cyclothymia


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Related to cyclothymia: dysthymia

cy·clo·thy·mi·a

 (sī′klə-thī′mē-ə)
n.
A mood disorder characterized by alternating periods of elevated and depressed mood that are milder than those typical of bipolar disorder. Also called cyclothymic disorder.

cy′clo·thy′mic (-mĭk) adj. & n.

cyclothymia

(ˌsaɪkləʊˈθaɪmɪə; ˌsɪk-)
n
(Psychiatry) psychiatry a condition characterized by periodical swings of mood between excitement and depression, activity and inactivity. See also manic-depressive
ˌcycloˈthymic, ˌcycloˈthymiˌac adj, n

cy•clo•thy•mi•a

(ˌsaɪ kləˈθaɪ mi ə, ˌsɪk lə-)

n.
a mild bipolar disorder characterized by mood swings between elation and depression.
[1920–25; cyclo- + -thymia]
cy`clo•thy′mic, adj.

cyclothymia

a temperament characterized by cyclic alterations of mood between elation and depression. — cyclothyme, n. — cyclothymic, adj.
See also: Moods
ThesaurusAntonymsRelated WordsSynonymsLegend:
Noun1.cyclothymia - a mild bipolar disorder that persists over a long time
bipolar disorder, manic depression, manic depressive illness, manic-depressive psychosis - a mental disorder characterized by episodes of mania and depression
Translations

cy·clo·thy·mi·a

n. ciclotimia, personalidad cíclica con trastornos de agitación y depresión.
References in periodicals archive ?
This arose from a longitudinal study which demonstrated that cyclothymia could progress to depressive and hypomanic episodes (17).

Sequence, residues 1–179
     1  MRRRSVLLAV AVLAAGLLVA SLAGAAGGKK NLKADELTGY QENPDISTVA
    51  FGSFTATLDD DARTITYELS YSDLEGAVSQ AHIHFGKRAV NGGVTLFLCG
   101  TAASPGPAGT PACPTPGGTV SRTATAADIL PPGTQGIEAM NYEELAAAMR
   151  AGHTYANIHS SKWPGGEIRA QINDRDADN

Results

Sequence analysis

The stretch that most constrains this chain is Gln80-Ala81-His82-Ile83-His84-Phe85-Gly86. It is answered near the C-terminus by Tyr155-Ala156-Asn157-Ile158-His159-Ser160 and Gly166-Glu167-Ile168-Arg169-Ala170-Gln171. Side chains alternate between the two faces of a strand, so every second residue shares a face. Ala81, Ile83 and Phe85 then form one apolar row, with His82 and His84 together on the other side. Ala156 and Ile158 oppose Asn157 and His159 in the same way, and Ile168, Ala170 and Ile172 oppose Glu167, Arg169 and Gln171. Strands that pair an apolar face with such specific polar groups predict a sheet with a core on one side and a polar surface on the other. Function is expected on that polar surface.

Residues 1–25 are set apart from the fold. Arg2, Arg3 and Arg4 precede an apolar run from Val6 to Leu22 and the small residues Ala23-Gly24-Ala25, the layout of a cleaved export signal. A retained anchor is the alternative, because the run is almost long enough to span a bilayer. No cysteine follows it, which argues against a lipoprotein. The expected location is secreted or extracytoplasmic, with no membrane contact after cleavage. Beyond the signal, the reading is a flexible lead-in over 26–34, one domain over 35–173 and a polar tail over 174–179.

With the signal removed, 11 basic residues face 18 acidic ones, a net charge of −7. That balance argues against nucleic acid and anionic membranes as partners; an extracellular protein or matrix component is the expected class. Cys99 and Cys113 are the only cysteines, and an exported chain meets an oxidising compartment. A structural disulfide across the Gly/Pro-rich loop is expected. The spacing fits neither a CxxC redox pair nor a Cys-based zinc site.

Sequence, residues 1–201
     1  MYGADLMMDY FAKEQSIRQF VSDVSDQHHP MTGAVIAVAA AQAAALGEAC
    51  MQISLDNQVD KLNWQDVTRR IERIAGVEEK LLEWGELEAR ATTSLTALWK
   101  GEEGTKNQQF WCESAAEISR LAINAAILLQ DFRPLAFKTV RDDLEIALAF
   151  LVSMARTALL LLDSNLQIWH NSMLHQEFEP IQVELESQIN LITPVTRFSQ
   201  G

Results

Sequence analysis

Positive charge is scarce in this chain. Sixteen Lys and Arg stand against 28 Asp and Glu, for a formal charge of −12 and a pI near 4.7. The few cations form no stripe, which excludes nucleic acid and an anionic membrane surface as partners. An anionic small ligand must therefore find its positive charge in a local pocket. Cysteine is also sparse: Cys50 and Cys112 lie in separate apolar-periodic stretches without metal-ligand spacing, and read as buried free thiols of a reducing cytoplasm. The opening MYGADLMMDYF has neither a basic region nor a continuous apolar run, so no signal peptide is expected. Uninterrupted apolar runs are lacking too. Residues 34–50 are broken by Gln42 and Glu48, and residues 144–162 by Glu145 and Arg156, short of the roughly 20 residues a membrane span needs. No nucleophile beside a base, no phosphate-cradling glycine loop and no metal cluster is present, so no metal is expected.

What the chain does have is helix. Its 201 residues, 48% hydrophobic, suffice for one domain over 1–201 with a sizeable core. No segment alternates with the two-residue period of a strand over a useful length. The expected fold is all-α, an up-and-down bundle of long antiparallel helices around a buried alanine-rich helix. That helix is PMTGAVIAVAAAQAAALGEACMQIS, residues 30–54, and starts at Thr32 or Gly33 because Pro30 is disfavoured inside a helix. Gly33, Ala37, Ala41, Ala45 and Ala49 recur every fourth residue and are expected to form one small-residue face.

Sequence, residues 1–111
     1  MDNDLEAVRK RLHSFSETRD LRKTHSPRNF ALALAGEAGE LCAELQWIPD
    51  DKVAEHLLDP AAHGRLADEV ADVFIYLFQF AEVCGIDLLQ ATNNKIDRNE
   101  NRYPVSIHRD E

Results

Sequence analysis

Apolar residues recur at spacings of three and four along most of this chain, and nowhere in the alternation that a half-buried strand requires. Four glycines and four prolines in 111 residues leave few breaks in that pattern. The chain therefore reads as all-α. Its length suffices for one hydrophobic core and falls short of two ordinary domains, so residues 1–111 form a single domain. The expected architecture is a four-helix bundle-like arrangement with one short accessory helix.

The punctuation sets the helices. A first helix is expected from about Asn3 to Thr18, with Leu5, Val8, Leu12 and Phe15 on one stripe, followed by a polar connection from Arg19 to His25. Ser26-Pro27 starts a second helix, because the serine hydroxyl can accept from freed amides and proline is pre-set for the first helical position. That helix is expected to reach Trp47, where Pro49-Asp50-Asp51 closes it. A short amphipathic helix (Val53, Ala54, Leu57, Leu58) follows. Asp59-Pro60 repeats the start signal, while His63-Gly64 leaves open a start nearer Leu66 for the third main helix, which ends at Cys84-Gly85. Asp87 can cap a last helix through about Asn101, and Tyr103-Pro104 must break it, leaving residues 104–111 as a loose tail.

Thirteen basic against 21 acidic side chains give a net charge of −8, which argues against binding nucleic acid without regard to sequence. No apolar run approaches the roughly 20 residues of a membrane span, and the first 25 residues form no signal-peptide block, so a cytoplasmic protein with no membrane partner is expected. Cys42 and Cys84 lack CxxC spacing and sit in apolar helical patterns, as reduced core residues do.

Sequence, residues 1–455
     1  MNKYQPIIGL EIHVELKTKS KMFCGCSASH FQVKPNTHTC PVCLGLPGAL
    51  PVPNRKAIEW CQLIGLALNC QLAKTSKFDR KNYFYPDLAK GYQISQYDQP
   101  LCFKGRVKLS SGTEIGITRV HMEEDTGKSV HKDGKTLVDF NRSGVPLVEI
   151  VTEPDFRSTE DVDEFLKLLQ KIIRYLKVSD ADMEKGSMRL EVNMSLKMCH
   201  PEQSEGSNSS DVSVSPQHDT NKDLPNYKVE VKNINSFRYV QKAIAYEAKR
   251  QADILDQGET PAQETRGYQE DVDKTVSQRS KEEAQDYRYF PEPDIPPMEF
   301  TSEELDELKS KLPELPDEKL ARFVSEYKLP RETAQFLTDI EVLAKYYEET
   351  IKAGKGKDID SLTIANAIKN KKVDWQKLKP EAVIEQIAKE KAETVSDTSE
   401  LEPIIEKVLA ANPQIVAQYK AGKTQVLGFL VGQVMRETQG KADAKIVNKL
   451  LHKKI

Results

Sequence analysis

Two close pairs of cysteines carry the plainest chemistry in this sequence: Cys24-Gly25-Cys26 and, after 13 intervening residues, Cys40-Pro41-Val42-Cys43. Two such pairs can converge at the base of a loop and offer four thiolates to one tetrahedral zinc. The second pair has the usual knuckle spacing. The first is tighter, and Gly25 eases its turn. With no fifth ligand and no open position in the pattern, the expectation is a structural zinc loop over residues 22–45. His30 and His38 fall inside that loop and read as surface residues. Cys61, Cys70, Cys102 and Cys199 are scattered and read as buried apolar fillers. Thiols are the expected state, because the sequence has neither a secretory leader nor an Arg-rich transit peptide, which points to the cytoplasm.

It is not clear whether we have cost-effective treatments for personality disorders, mild chronic mood disorders like dysthymia and cyclothymia or other chronic and persistent emotional and coping problems.
Perhaps the most novel claim in the book is that Schubert suffered from cyclothymia, a mild form of manic depression, and that this illness accounts for many examples of Schubert's apparently antisocial and ultimately self-destructive behavior.
1997) and a higher level of dysthymia combined with cyclothymia (Benda 2005; Landheim, Bakken & Vaglum 2003; Shrier et al.
Mood stabilizer use for Bipolar I, II, Bipolar NOS, and Cyclothymia has grown in popularity recently (Healy, 2006).
If variants including bipolar III (hypomania precipitated by an antidepressant or stimulant) and cyclothymia are added to classic categories, bipolar disorders are roughly as prevalent as unipolar depression.
Its index, with twenty-two references to syphilis and eleven longer ones to cyclothymia, reveals the medico-psychological slant of the whole.
The least severe form of this disorder is cyclothymia.
Cyclothymic temperament was even more prevalent: 43% of the children and 57% of the early-onset adults scored above threshold on a self-rated questionnaire of cyclothymia, Dr.
The participants were given nine possible diagnoses (major depression, bipolar disorder, panic disorder w/agoraphobia, generalized anxiety, adjustment disorder, v-code designation, cyclothymia, primary insomnia, or other condition) and asked to judge the best diagnosis for the hypothetical client.
In addition, close to six percent of [ILLEGIBLE TEXT] in the study had experienced a distinct period of abnormally and persistently elevated, expansive, or irritable [ILLEGIBLE TEXT] even though they never met full criteria for bipolar disorder or cyclothymia.
In Virginia Woolf: The Marriage of Heaven and Hell, the psychiatrist, Peter Daily, examines Virginia Woolf's life from the perspective of her illness, cyclothymia, a milder form of manic depression.